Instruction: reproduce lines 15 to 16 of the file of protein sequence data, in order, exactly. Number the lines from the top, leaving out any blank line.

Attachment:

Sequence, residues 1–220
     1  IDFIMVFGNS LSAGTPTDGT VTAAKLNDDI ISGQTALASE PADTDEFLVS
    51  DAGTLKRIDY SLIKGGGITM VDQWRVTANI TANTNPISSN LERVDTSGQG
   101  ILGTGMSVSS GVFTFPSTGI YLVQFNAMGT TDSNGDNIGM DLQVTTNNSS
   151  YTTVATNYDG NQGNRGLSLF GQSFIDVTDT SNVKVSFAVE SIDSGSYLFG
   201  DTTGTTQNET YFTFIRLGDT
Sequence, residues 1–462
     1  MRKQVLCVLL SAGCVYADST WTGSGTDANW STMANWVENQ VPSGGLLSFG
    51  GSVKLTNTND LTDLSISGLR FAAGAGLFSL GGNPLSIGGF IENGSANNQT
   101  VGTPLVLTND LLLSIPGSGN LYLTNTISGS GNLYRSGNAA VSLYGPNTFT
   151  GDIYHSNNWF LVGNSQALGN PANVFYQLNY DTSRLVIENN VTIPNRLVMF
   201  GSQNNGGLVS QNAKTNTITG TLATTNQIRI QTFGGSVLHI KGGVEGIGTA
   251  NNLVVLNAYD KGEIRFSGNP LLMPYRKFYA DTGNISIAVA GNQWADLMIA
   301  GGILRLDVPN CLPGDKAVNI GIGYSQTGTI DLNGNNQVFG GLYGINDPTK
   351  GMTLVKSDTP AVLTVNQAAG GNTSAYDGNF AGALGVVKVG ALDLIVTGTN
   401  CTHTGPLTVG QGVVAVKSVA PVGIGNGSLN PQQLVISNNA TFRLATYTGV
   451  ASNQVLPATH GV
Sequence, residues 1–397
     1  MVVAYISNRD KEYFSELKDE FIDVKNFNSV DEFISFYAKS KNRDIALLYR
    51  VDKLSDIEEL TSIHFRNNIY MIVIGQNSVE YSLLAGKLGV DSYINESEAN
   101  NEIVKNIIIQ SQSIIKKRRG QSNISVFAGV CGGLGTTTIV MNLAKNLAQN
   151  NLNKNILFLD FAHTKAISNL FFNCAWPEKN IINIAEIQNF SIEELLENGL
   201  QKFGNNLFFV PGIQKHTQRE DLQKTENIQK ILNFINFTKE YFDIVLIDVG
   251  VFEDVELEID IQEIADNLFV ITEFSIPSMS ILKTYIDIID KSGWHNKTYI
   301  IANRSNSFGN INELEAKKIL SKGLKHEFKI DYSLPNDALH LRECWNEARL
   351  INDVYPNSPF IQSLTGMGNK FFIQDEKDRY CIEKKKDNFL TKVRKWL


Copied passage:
   351  GMTLVKSDTP AVLTVNQAAG GNTSAYDGNF AGALGVVKVG ALDLIVTGTN
   401  CTHTGPLTVG QGVVAVKSVA PVGIGNGSLN PQQLVISNNA TFRLATYTGV